Dear Proposal Doctor,
My team has been locked in a room for the better part of a week with instructions to stay there until they, that is, we, have created a solution for an upcoming proposal. We don’t have a draft RFP to work from, but we have an outdated statement of work (SOW). Everyone has a different idea as to how to build the solution, and the discussion meanders with no end in sight in my natural lifetime.
Although everyone involved is intelligent as well as competent, something is missing from this team, or we would have what we need by now. Without a solution, we cannot bid.
As a lowly proposal manager, surrounded by people more technically knowledgeable than I am, how can I bring this process to closure?
–In Solution Hell
Dear In Solution,
First of all, you are not in hell (for which there are different exit strategies), but in purgatory. Although you gave no clues as to your customer and your business area, I can definitely discern one feature of your team—it lacks a leader. Often, that role has to be filled by the proposal manager, but not if you consider yourself “lowly,” so please, for all our sakes, shake that attitude and take pride in a profession that has high standards and demands respect.
I want to address your situation at two levels: process and content. For the process, you need someone who can facilitate the discussion with the goal of arriving at decisions. Facilitation is a skill as well as an art form. Is there anyone in your organization outside the team who can play this role? It is worth identifying the good facilitators, because we need them to not only help create solutions, but also to achieve consensus, analyze lessons learned, and assist in other proposal-related processes where emotions tend to run high and the threat of deadlock looms. If all else fails, you need to learn facilitation skills yourself. There are courses and books that can help, but the most important learning device is practice.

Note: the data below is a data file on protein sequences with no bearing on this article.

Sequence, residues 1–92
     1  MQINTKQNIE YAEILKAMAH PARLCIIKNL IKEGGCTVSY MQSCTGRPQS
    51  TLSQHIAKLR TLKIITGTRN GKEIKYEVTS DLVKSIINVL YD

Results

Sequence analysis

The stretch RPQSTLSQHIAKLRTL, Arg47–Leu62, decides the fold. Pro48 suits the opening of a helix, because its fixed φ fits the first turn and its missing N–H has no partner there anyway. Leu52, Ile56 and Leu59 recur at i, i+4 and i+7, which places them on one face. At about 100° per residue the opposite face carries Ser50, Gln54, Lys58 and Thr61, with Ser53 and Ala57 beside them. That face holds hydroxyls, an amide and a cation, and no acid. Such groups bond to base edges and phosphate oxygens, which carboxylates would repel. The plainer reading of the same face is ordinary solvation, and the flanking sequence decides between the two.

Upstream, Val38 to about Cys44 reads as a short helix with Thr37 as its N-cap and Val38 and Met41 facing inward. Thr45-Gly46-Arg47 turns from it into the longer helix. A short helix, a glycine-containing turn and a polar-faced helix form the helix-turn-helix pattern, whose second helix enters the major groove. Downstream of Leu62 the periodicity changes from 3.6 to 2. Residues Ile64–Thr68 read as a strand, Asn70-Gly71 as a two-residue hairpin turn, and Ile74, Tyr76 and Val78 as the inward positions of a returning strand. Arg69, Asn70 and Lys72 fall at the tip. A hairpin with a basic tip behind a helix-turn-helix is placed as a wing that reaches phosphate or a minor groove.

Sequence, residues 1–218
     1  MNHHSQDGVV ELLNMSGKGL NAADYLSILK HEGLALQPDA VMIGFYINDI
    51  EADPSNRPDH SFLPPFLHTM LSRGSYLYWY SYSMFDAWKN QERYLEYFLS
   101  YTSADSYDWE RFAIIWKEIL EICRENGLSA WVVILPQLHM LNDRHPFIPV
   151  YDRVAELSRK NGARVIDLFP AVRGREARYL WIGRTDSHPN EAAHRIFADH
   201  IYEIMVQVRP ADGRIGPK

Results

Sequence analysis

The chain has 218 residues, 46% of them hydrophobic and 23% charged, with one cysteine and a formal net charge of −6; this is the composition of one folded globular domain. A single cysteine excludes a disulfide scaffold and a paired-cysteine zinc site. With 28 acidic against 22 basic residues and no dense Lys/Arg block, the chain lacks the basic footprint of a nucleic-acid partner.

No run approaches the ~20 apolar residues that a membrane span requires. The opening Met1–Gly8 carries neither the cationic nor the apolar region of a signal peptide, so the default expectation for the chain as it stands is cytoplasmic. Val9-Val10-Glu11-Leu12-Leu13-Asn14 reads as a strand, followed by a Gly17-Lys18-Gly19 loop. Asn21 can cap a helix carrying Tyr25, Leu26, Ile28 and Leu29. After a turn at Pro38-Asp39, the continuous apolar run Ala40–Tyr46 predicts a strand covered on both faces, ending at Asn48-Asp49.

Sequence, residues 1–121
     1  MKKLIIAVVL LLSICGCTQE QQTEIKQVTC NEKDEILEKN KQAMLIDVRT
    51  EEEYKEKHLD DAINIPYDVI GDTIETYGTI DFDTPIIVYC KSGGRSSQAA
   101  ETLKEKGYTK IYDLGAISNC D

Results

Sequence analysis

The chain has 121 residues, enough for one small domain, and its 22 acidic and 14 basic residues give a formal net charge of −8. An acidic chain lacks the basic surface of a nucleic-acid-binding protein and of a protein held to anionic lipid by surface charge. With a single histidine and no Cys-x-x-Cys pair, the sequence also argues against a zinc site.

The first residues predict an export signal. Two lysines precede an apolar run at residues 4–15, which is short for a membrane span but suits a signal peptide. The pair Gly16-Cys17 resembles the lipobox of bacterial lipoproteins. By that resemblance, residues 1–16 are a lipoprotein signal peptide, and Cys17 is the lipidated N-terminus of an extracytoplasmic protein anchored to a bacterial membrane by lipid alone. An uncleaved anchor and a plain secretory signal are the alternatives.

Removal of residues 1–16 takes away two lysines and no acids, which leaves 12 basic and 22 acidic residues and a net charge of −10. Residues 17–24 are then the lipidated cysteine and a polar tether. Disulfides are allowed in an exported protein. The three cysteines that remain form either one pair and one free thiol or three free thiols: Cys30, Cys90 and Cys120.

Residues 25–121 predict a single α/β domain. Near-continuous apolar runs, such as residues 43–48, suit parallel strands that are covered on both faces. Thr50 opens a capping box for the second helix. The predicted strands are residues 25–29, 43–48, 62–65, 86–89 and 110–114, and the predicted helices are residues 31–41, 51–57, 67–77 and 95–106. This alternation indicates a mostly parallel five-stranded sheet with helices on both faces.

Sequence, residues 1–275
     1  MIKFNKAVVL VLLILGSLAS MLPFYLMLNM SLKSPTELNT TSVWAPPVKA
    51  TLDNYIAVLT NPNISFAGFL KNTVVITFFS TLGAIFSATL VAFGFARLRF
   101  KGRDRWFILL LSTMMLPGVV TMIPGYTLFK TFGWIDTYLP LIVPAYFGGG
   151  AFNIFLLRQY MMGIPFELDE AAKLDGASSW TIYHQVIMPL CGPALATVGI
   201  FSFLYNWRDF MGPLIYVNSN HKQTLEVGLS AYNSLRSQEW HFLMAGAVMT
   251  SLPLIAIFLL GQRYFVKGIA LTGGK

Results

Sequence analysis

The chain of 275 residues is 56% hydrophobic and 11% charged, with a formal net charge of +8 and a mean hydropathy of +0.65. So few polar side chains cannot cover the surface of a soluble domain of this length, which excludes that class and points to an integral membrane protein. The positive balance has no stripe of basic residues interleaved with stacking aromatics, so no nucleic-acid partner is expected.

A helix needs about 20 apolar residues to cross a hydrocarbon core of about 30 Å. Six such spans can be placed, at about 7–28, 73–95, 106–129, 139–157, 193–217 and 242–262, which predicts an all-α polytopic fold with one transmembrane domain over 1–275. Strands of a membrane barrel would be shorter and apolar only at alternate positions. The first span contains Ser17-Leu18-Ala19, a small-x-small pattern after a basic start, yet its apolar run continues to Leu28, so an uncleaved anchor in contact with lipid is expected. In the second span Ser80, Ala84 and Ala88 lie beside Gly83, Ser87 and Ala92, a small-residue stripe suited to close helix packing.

For the content, I would start with a clear definition. Back in the Cold War, when the U.S. and the Soviets started to debate arms control treaties, the talks almost collapsed because the Soviets would not agree to any form of verification. Then one of the negotiators asked each side to define verification, only to find that that the Soviets were objecting to something that the U.S. was not demanding in the first place. Each side was using a different definition of the term.
A solution can be anything, so it is especially important to apply definitions in this context. Are you talking about a process, a product, a team of people, or a system? Definition is the first step.
Another concept that can be helpful is simplicity. I have managed proposals where the essence of the solution was a highly customized MS Excel workbook. It doesn’t have to be elaborate; it has to be effective at the right price point and solve the customer’s problem.
One way to get at the solution is to ask the staff you are proposing how they plan to do the work. A good proposal is a plan for running the program, and if no one knows how the work will be performed, it is worth asking whether it makes sense to bid.
Finally, don’t start with a blank piece of paper. “Good artists copy; great artists steal.” One book that is an excellent repository of solution ideas is Vijay Kumar’s 101 Design Methods: A Structured Approach for Driving Innovation in Your Organization.
The need to break this stalemate is a wonderful opportunity for you to build new skills, show leadership, and enhance the respect people have for you and for our profession. I know you can meet this challenge!
All the best,
Wendy Frieman, The Proposal Doctor